Students in over 60 universities and institutions, and their affiliated colleges, too, observed a strike with thousands joining protest marches after boycotting classes.
In addition to the long standing demands of workers and peasants, the workers and working people demanded the immediate repeal of the communal Citizenship Amendment Act (CAA) and withdrawal by the government of its proposal for a National Register of Citizens (NRC). Workers also condemned the state organised repression of students in Jamia Millia Islamia, Jawaharlal Nehru University, Aligarh Muslim University, Jadavpur and other universities.
Thousands of workers, farmers and students came onto the streets and organised rallies and dharnas. The banking, insurance, port and petroleum sectors saw complete shut down while workers of textiles and weaving industries in Coimbatore and Tirupur districts participated in large numbers. Hundreds of activists were arrested for organizing rail and road rokos across the state.
The farmers and agricultural workers organised a rural strike in support of their demands. Students expressed their opposition to the privatization of higher education and youth came out demanding jobs
Workers unity was reflected in the powerful response to the call for General Strike. Twenty six unions, working in the industrial townships of the state, participated in the strike. Thousands of Asha workers gathered at Azad Maidan in Mumbai, alongside of bank workers and workers of other sectors. (see report on Maharashtra)
Thousands of activists took to the streets of Patna and all the districts of Bihar, to make the January 8 strike a success. Big marches were taken out everywhere. Dharnas were organised to block traffic and train and road services were brought to a halt. Banks, post offices, electricity offices, etc remained closed. Auto rickshaws were off the road in Patna.
Thousands of workers in Delhi NCR downed tools on Wednesday as part of the nationwide general strike. As a result, production in factories in and around the national capital was disrupted.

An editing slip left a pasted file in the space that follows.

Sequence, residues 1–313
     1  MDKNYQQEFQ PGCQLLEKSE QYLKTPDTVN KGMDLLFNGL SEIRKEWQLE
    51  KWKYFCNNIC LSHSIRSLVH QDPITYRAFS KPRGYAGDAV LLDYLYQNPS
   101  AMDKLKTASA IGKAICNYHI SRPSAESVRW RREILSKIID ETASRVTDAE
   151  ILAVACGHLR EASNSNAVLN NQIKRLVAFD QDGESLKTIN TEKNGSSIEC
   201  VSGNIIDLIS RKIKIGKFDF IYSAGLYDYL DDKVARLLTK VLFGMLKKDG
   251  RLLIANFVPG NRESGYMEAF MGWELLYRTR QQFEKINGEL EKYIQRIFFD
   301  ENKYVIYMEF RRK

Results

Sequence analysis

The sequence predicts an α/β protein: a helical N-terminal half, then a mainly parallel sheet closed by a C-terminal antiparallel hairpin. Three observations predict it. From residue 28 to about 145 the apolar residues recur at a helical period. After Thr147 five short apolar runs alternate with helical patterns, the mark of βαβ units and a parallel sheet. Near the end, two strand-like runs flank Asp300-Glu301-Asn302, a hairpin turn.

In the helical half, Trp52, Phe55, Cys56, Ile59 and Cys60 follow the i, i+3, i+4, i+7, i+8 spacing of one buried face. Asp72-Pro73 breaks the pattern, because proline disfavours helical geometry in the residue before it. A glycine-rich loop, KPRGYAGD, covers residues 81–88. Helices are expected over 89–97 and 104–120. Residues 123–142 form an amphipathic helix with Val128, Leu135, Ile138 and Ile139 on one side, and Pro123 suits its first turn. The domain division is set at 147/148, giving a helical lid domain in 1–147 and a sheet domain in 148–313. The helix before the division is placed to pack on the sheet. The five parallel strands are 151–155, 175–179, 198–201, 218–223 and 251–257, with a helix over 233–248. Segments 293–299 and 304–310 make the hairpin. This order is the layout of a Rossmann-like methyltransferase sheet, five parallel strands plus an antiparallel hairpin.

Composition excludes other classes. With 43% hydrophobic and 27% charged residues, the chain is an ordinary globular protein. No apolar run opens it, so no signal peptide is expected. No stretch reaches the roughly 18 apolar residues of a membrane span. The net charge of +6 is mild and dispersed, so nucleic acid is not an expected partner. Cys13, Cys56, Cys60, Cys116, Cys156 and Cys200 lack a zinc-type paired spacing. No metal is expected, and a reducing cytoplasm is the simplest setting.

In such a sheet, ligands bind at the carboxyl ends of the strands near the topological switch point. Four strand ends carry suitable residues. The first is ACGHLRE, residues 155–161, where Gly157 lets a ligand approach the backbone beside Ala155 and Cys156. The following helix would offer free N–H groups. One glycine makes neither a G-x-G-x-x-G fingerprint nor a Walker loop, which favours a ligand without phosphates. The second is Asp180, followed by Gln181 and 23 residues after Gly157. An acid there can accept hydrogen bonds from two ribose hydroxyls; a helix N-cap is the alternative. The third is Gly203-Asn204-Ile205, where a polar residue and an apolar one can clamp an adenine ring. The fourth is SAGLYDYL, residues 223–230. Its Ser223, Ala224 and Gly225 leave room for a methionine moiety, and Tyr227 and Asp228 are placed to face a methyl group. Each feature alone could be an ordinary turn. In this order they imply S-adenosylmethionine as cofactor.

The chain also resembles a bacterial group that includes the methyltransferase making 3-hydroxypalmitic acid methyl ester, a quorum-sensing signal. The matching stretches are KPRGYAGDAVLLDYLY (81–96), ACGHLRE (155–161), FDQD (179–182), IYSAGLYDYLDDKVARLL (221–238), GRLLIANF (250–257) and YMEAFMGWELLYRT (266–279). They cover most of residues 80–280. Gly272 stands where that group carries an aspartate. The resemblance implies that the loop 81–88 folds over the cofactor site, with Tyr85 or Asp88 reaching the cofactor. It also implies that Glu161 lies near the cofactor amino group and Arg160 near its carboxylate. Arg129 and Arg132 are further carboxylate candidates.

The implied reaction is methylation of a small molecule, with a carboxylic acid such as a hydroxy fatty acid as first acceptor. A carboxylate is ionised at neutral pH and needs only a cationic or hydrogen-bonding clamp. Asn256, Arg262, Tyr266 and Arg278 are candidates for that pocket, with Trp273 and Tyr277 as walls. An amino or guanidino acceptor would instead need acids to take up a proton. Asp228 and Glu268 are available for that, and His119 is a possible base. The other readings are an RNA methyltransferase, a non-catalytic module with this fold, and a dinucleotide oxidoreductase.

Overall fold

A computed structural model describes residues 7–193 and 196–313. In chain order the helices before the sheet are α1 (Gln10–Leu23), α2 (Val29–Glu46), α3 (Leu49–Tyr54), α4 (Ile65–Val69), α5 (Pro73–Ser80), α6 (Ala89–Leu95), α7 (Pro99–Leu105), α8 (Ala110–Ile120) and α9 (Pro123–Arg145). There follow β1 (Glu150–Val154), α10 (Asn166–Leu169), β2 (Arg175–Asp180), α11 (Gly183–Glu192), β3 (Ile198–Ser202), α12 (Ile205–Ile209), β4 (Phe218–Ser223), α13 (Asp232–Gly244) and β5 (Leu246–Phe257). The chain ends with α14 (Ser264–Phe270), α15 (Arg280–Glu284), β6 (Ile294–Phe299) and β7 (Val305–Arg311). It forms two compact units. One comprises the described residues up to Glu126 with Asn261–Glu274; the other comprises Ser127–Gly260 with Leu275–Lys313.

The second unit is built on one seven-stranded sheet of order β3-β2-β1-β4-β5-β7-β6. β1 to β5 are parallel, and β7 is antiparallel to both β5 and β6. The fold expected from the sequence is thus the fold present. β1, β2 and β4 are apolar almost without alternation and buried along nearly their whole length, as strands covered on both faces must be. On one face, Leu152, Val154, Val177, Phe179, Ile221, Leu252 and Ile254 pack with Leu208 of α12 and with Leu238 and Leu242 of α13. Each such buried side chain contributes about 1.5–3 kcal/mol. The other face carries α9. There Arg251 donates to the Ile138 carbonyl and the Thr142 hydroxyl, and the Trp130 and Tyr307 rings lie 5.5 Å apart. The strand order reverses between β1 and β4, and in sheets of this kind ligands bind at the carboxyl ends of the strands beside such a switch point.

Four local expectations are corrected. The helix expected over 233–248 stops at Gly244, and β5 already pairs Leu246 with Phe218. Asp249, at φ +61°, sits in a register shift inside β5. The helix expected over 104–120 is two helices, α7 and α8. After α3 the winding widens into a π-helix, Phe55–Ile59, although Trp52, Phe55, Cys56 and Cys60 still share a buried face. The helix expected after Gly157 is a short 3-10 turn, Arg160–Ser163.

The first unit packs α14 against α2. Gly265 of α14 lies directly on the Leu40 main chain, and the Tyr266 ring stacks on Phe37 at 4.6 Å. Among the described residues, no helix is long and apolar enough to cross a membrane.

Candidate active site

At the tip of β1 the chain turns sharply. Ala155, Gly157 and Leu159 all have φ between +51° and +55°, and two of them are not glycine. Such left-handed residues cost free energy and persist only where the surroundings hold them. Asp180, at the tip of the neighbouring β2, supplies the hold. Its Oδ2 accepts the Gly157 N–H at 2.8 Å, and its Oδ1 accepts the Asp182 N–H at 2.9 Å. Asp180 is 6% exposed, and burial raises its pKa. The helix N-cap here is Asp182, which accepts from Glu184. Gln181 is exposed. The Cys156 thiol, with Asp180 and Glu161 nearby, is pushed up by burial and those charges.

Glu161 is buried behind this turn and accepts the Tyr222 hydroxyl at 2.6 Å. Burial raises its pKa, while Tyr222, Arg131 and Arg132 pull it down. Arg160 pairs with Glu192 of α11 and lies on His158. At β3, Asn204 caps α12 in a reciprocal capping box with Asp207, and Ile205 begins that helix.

In Sahibabad industrial area of Ghaziabad district, production in thousands of small and medium establishments was severely affected. Among those that were hit by the strike were Central Electronics Limited (CEL), a public sector undertaking, whose workers observed a complete shutdown, protesting against its strategic sale.
Rallies were organised in different industrial belts of Delhi like Okhla Industrial Area, Wazirpur, Narela, Bawana, Jahangirpuri, Patparganj and Shahdara.
In the Gurugram-Manesar-Bawal industrial belt, thousands of workers came onto the streets to express their anger at the attacks on the working class and people. Automobile companies like Honda and Munjal Showa were brought to a grinding halt.
Majority of workers protesting in this belt were contractual workers. The struggle of the contractual staff in Manesar is being led by the casual workforce of Honda Motorcycle and Scooter India (HMSI), who have been braving the cold and staying put for more than 50 days to protest against the retrenchments by the management.
At Shivam Auto Tech, another major name in Manesar, the workers demonstrated outside the plant against the forced “lockdown” by the management.
About 40,000 employees of Maha Gujarat Bank Employee Association participated in the strike. All India Railwaymen’s Federation, Western Railway Employee Union, Income Tax Employees Federation, Income Tax Gazetted Officers Association (Gujarat Circle), Gujarat Federation of Trade Union (GFTU), Gujarat Majdoor Sangh (GMS), Mazdoor Adhikar Abhiyan took out rallies at
GFTU took out rally in Ahmedabad of workers of Ahmedabad Municipal Corporation, Gujarat Transport Service, Gujarat Industrial Security Force, Employees of Madhya Bhojan, daily wage earners under MnREGA, workers of many private companies.